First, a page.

@StefanoBorini: Also, you are wrong the deviation becomes less important as the mirror becomes larger. In fact the deviation becomes much more important as the mirror becomes larger (sort of... The critical parameter is actually the focal ratio). – Colin K Oct 6 '11 at 15:21


You'll find an amazing telescope being build ....

enter image description here enter image description here


Segmented mirrors are the only feasible way of constructing telescopes with apertures significantly in excess of 8 m, as monolithic mirrors would become extremely expensive and ultimately impossible to manufacture, transport, install and maintain. The disadvantage of segmented mirrors is that they often require asymmetric profiles, making them difficult to manufacture. The active optics systems required to support them is also complex, and the gaps between the segments (typically a few mm) can cause diffraction effects and increased infrared background in the final image.

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This is good information, but it must be made clear that each segment of the mirror in these telescopes is curved, not flat. – Colin K Oct 5 '11 at 16:50
@Colin That was the reason for including the last paragraph. – Dr. belisarius Oct 5 '11 at 16:52
Yeah that does mention it, but the OP seemed confused about the issue so I just wanted to make it clear. The downvote wasn't from me; there is nothing wrong or inappropriate about this answer. – Colin K Oct 5 '11 at 17:41

(I have some experience with telescope mirror making.)

It would not work as described. It's not even close.

In a reflector telescope, the primary mirror needs to satisfy the Rayleigh criterion, which states that the surface error must not exceed λ/4. For visible light, that means 100 nanometers.

The ideal shape of the primary mirror in regular newtonian scopes is a paraboloid, so no matter what technique you use to make the mirror, the resulting surface needs to follow the ideal parabola with an error no greater than 100nm (due to Rayleigh).

For a mirror of reasonable aperture and focal length, your flat segments would diverge from the parabolic surface by an error far greater than 100nm, more like fractions of millimeter or so, which is about 1000x bigger than the acceptable value.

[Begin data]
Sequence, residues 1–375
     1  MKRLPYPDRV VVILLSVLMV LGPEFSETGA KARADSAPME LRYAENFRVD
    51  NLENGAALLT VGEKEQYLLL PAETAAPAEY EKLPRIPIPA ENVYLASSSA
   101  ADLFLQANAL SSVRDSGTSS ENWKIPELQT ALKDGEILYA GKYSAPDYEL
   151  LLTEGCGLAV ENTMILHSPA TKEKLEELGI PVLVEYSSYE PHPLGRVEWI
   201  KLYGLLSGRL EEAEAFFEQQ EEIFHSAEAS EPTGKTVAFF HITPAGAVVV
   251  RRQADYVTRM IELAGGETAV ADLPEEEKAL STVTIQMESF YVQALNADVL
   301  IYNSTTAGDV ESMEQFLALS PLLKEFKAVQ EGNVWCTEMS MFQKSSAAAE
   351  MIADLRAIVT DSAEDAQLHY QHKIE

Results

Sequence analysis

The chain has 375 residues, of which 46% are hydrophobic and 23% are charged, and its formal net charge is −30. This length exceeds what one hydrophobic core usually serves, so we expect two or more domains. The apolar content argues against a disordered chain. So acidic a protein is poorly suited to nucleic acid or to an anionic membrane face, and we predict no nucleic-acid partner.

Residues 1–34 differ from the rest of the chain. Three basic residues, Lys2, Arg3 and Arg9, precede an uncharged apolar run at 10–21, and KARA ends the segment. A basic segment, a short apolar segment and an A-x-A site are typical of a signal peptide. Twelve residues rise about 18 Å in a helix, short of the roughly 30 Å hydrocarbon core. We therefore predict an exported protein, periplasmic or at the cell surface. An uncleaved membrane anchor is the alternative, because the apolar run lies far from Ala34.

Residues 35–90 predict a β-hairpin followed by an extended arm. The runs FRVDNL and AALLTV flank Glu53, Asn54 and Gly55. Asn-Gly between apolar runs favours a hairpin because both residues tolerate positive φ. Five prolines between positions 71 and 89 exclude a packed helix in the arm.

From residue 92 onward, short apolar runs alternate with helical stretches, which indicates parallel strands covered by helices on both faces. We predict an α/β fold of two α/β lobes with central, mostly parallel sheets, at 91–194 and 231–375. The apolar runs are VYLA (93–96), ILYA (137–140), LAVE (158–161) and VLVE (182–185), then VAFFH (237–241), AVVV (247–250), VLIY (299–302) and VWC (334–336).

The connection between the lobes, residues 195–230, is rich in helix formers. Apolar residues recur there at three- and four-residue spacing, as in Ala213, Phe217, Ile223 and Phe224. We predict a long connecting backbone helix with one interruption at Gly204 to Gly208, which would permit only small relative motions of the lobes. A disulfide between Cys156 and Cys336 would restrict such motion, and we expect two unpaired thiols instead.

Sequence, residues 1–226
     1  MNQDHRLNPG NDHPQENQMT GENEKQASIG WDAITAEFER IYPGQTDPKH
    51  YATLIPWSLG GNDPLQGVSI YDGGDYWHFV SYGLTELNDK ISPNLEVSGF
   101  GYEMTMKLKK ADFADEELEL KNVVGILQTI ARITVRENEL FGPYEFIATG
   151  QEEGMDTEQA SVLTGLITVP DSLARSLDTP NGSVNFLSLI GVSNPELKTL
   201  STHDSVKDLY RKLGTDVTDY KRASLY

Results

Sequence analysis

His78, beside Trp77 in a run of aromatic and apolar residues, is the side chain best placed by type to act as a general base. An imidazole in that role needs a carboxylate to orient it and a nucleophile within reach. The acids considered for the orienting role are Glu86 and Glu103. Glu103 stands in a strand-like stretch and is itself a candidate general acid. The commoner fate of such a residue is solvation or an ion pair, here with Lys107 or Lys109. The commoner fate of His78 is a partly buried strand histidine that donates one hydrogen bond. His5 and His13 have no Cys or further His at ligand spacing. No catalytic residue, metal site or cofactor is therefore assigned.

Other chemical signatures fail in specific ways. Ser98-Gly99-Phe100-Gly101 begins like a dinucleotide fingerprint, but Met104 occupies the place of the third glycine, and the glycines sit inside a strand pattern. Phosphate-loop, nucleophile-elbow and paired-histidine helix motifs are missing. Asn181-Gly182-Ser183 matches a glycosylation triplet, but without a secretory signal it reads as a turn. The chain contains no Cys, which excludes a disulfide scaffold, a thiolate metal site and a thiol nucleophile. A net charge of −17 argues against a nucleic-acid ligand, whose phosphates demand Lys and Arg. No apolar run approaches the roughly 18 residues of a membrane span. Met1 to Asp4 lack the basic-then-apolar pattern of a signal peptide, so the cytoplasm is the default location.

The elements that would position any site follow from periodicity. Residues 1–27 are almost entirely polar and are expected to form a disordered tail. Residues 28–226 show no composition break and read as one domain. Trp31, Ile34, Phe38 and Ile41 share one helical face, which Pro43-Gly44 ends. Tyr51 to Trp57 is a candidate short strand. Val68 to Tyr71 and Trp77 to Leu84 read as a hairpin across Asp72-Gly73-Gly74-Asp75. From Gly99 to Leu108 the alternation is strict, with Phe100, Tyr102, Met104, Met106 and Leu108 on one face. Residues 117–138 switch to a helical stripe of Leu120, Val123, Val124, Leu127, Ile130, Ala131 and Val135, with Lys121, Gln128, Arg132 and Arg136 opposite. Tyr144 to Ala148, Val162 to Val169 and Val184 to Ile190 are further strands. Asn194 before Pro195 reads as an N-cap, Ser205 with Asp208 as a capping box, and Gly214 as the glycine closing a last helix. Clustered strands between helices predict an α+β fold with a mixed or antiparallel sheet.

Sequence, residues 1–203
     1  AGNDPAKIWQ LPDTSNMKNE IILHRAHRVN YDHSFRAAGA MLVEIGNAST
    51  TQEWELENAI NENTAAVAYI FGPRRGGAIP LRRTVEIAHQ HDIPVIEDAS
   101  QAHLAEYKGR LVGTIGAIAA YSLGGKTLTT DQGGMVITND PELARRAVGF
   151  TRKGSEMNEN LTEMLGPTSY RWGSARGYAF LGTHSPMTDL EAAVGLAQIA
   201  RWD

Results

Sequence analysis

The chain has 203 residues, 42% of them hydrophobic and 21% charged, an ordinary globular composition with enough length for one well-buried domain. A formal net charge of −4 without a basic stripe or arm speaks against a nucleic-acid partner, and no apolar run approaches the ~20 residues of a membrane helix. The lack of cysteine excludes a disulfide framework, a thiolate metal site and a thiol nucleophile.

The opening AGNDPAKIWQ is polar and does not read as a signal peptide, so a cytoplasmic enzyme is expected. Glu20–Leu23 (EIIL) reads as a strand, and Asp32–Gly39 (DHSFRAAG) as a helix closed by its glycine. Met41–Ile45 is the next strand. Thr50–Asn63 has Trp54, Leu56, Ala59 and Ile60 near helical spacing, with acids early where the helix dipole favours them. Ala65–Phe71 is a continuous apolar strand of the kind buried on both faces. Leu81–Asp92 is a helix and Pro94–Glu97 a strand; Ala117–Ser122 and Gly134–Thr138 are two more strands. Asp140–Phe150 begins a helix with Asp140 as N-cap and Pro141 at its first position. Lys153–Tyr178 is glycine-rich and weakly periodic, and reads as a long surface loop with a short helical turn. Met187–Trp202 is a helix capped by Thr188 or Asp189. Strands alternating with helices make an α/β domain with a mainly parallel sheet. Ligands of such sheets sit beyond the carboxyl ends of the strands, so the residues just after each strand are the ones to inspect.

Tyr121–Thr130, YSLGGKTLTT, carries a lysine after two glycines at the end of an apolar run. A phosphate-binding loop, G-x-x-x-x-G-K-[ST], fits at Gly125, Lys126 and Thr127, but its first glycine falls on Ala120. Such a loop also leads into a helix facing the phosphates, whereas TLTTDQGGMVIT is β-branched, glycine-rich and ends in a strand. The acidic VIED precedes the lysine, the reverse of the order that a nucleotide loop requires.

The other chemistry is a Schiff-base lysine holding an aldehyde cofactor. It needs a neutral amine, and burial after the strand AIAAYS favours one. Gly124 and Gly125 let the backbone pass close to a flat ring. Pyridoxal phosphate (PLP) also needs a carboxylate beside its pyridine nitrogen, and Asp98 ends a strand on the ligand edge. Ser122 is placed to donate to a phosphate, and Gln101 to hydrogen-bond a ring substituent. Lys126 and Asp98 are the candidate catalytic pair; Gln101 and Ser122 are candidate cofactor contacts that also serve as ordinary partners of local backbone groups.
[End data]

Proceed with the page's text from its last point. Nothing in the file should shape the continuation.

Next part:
There's just no way around it. Each part of the mirror needs to track the ideal parabola with no more than 100nm error. Otherwise the mirror is not usable for visible light.

The technique you describe would be usable for microwaves. Since the wavelength in that case is on the order of 1cm or more, λ/4 would be a few millimeters. In that case, a wide shallow parabolic bowl, having multiple flat metal disks glued on the inside might work well enough. If the size of each metal disk is comparable to the wavelength, then it would definitely work well. Just make sure the error in each point is no greater than λ/4.

(Okay, you would then get some resonance effects in each disk itself, which would change the overall result, but let's not go there. Bottom line: it's feasible with microwaves, not feasible with visible light.)

If you don't need to create an image at focus, but just collect the energy of a microwave beam, then the error could be bigger than λ/4; the only ill effect would be that your reflector would become less and less efficient as the error increases.

One more thing: In theory, a mirror with an overall surface error of exactly λ/4 could have a total efficiency of exactly zero, but that's a pretty pathologic (unrealistic) case. In most real life situations, a few λ/4 zones here and there simply reduce the overall energy-gathering power. So keep the error down and it will work well.